Like any product designer, Apple has got to optimize for a variety of factors including component availability, component cost, final sale price, what features customers want, what features customers can tolerate not having, etc. If they just cared about maximizing profits they might as well have just thrown in the A4 from the iPhone 4 and a larger version of the TN panel used in the iPhone 3GS since they share the same dpi anyways.

    The iPad Mini already has worse battery life than the iPad 2 even without a retina display. Adding a retina display and a faster SoC to drive it will make this even worse unless a larger battery is included. One of the main features of the iPad Mini is how thin and light it is, even thinner and lighter than competing 7" tablets despite having a larger screen. Gaining a retina display in exchange for a thicker, heavier tablet may silence some complaints but will only create new ones. What's worse, a thicker, heavier design might make the iPad Mini difficult to hold given it's thin bezel design with limited grip area, so is a non-starter given current technology in 2012. Hopefully Anand is wrong in his prediction that a Retina iPad Mini isn't possible in 2013 either and that improvements in display tech, battery tech, and a move to the Samsung 28 nm process for the SoC will make it happen.
    Reply
  • marcolorenzo - Wednesday, November 21, 2012 - link

    Whilst I'm sure it was possible for Apple to include the retina display and the A6 SoC, it's more likely that they chose not to since it would make the device bigger and heavier due to the bigger battery it would require. Apple was simply not willing to make that sacrifice. Next year when the technology is more mature, they will implement it. Reply
  • drx11 - Sunday, November 25, 2012 - link

    --------------------------------------------------------------------------
    RE: On purpose by marcolorenzo on Wednesday, November 21, 2012
    Whilst I'm sure it was possible for Apple to include the retina display and the A6 SoC, it's more likely that they chose not to since it would make the device bigger and heavier due to the bigger battery it would require....
    --------------------------------------------------------------------------
    Exactly - this is the iPad 4 (gen)!
    Reply
  • aravenwood - Wednesday, November 21, 2012 - link

    Anand,

    Thanks for the article, but the most interesting thing you mention never gets explored at all in the article. On the first page you say:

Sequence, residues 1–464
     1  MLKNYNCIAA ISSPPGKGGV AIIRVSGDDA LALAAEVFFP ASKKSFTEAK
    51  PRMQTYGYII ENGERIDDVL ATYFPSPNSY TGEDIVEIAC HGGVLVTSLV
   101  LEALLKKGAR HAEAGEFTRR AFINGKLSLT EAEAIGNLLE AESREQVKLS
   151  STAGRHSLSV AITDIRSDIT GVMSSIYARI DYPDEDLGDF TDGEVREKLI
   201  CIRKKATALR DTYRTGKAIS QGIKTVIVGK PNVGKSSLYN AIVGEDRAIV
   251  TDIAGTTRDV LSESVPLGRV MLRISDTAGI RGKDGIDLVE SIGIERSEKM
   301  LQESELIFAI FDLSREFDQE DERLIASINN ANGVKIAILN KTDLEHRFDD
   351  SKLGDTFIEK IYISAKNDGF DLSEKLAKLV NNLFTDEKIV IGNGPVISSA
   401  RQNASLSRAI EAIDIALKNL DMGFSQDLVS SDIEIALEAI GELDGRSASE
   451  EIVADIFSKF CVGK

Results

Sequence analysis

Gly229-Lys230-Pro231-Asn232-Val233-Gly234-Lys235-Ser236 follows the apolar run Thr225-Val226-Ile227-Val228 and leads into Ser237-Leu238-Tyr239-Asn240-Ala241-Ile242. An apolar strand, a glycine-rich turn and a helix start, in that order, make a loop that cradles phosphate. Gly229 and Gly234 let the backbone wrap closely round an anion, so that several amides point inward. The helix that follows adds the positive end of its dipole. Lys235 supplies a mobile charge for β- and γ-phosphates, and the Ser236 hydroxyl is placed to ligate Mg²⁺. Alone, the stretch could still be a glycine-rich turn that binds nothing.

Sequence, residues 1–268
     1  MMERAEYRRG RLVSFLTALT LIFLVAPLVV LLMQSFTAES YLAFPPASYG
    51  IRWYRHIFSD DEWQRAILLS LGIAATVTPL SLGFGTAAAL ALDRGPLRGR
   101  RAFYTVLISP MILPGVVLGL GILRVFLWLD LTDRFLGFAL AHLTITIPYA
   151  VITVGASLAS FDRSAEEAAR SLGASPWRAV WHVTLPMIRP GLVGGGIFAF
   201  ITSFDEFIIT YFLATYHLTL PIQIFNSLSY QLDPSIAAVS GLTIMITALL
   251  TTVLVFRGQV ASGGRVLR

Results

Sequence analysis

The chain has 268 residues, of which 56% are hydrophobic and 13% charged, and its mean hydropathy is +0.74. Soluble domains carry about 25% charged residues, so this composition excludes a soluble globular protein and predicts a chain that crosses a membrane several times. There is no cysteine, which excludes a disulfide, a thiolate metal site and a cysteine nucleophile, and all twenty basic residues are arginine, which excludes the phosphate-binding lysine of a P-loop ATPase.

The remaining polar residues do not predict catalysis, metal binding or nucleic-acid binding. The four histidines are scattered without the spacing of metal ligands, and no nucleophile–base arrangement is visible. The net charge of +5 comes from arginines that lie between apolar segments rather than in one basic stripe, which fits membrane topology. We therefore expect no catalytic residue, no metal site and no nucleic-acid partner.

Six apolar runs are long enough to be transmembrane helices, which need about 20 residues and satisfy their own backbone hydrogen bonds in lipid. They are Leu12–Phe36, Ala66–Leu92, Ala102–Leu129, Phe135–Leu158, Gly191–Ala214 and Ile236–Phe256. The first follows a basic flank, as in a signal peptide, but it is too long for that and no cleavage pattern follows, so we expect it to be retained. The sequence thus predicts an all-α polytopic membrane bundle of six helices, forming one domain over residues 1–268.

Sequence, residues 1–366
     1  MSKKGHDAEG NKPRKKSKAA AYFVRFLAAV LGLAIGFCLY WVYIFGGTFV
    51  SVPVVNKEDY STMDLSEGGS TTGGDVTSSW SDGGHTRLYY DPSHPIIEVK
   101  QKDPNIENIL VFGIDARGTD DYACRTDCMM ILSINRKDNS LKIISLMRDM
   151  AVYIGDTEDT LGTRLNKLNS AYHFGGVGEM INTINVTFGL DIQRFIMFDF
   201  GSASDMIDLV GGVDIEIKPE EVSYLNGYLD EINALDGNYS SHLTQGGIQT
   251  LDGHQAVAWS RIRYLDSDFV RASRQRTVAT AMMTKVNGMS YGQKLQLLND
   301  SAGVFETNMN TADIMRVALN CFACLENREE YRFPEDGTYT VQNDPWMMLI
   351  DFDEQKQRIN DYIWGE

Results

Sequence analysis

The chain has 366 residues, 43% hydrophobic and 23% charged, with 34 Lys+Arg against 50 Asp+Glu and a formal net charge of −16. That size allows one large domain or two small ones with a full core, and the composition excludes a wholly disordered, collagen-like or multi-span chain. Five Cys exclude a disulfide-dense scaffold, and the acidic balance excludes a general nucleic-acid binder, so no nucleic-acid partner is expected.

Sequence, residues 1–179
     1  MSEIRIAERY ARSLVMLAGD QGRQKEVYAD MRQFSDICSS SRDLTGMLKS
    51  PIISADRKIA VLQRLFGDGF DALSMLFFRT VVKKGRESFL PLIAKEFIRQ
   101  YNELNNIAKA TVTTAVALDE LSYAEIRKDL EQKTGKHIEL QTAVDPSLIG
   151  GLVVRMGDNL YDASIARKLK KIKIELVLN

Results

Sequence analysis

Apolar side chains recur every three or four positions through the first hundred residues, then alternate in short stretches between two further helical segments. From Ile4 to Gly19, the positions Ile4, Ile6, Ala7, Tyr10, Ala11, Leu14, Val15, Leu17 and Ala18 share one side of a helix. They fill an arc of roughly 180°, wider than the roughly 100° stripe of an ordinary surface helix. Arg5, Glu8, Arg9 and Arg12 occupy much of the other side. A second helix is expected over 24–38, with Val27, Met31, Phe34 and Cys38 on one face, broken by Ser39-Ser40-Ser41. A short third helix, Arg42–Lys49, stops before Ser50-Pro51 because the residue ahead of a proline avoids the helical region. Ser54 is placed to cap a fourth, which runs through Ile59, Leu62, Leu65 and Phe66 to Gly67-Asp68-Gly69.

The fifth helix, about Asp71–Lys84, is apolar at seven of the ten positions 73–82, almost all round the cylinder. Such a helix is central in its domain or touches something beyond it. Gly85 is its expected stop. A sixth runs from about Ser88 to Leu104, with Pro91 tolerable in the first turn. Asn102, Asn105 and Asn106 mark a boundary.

"But here’s the thing - I don’t consider the iPad mini a competitor to the Nexus 7. The Nexus 7, to me, is what I buy if I’m in the market for a $199 tablet or I want a 7” Android device. It’s a completely different experience than the iPad mini. In my mind, the closest competitors for the iPad mini are, in order, the iPad 2, the Kindle Fire HD 8.9”, and the Nook Tablet HD+. The iPad 2 is obvious because these are the two lowest priced iOS tablets right now, and with similar underlying hardware, they’re actually pretty closely matched. I think the latter two are especially interesting comparisons to make, because all three exist in the ~$300 “small premium tablet” niche that has suddenly appeared."

    You say that the comparison with the Nook HD+ and Kindle are the most interesting comparisons, in a small premium tablet niche, but you never come back to this. Can you elaborate on this, maybe in a followup article? I for one have basically discounted the iPad Mini, and the kindle in favor of the Nook HD+. I haven't bought it yet, but I am leaning heavily - the only drawback is the lack of camera and GPS. The price, quality of screen build quality is compelling. In general I feel that Nook HD/HD+ doesn't get the respect it deserves. I have been holding off because I can't any serious (e.g. Anandtech type) reviews of the device and i want to read some real discussion of it's qualities and get a no-bs assessment of the good and bad and comparison to the Kindle and nexus 10.

    So that's my Thanksgiving wish - if you have down time, can we please have a review of the Nook HD +?

    Thanks,
    Michael
    Reply
  • MadMan007 - Wednesday, November 21, 2012 - link

    Seconded. The Nooks and Kindles may be some of the more popular tablets among the less tech savvy. They aren't the fastest or most up to date, but they do have nice feature sets, and B&N doesn't overcharge for built-in storage upgrades. The Nook HD+ and Fire HD 8.9" both have very high resolution screens. Maybe the custom software makes them harder to review? I still think it's worth it even if they aren't directly comparable to other tablets for that reason, plus you could explore loading custom ROMs if possible (I didn't bother to look up whether they are hackable) Reply